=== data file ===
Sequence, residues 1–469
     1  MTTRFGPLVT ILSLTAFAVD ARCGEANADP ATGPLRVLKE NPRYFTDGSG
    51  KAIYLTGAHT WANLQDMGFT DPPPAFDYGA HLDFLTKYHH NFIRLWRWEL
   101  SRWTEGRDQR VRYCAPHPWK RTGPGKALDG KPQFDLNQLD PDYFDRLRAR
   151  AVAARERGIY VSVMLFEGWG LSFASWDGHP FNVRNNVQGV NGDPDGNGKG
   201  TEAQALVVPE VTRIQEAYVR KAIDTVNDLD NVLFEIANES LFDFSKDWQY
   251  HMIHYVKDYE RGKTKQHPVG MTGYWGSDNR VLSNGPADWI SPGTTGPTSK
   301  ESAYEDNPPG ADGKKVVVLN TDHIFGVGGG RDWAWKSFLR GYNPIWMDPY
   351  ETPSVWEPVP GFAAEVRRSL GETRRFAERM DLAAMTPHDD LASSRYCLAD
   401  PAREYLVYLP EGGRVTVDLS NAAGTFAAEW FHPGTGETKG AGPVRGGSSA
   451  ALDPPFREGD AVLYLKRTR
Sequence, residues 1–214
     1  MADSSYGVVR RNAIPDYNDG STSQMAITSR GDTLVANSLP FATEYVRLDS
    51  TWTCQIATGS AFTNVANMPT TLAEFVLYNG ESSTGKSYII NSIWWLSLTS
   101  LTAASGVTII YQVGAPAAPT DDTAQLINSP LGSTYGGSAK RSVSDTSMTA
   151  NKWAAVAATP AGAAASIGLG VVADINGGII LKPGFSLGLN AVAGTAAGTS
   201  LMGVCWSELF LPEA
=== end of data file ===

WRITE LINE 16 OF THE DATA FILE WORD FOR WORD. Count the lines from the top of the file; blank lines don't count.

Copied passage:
   151  NKWAAVAATP AGAAASIGLG VVADINGGII LKPGFSLGLN AVAGTAAGTS